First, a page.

John Frederick (German: Johann Friedrich; 25 April 1625 in Herzberg am Harz – 18 December 1679 in Augsburg) was duke of Brunswick-Lüneburg. He ruled over the Principality of Calenberg, a subdivision of the duchy, from 1665 until his death.
The third son of George, Duke of Brunswick-Lüneburg, John converted to the Roman Catholic Church, the only member of his family to do so, in 1651. He received Calenberg when his elder brother George William inherited the Principality of Lüneburg. In 1666, he had a palace built in Herrenhausen near Hanover that was inspired by the Palace of Versailles and is famous for its gardens, the Herrenhausen Gardens.
In 1667, he employed as his master builder the Venetian architect Girolamo Sartorio, who designed many buildings in the town, including the Neustädter Kirche, and was instrumental in the expansion of the Herrenhausen Gardens.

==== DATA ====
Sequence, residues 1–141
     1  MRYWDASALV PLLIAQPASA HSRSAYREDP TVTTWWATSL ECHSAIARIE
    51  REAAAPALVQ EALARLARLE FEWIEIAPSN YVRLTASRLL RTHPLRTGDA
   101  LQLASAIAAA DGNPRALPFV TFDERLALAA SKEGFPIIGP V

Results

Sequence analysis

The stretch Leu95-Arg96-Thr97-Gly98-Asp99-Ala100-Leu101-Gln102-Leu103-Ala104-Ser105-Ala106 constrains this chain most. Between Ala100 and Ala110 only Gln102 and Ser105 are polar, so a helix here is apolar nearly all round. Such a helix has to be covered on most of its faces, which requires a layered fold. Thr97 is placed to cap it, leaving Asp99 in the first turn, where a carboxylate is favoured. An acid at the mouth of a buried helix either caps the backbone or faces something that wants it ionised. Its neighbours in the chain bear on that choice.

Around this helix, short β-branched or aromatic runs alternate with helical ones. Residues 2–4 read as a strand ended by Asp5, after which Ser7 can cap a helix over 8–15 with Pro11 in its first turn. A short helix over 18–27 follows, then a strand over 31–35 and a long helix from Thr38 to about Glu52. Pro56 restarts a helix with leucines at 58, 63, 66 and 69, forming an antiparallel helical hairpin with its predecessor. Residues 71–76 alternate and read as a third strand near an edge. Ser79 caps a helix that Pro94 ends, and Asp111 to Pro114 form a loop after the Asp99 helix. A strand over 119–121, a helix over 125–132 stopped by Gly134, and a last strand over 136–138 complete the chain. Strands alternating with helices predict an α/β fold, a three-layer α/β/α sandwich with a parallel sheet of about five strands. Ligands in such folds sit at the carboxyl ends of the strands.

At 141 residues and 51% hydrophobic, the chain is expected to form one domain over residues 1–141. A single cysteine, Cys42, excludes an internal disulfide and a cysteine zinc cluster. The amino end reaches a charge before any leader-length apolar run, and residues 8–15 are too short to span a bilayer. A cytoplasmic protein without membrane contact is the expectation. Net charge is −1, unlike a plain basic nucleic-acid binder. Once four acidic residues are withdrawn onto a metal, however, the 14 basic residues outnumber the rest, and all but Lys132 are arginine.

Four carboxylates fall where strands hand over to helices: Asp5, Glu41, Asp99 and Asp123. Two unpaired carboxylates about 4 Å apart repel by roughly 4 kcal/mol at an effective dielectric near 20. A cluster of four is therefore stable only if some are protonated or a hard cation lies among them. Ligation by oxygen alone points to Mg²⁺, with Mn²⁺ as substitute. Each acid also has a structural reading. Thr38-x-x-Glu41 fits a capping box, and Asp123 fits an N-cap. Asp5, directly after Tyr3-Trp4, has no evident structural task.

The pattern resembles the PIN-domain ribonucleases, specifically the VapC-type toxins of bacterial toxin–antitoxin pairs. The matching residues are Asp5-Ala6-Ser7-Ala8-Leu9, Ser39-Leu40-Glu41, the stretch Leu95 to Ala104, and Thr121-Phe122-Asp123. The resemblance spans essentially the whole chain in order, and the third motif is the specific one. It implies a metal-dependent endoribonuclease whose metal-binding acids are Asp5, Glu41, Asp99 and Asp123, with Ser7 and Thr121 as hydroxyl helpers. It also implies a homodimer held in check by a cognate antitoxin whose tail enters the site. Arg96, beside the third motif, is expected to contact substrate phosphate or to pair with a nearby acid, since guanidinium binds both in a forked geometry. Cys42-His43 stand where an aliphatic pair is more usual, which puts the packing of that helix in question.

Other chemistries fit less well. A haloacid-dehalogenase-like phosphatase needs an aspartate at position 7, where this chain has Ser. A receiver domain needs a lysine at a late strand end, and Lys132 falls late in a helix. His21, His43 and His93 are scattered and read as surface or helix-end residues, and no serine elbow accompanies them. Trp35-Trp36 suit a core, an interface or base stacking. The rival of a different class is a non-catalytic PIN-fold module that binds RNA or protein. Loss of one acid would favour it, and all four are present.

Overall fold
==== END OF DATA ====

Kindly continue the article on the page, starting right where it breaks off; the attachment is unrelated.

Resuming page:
In 1676, John Frederick employed Gottfried Wilhelm Leibniz as Privy Councillor and librarian of the important ducal library. Thus began Leibniz's 40-year association with the House of Hanover, which resulted in three generations of Hanovers being patrons to one of the most eminent philosophers and mathematicians of Europe.
Funeral thaler for John Frederick, Duke of Brunswick-Lüneburg (1679)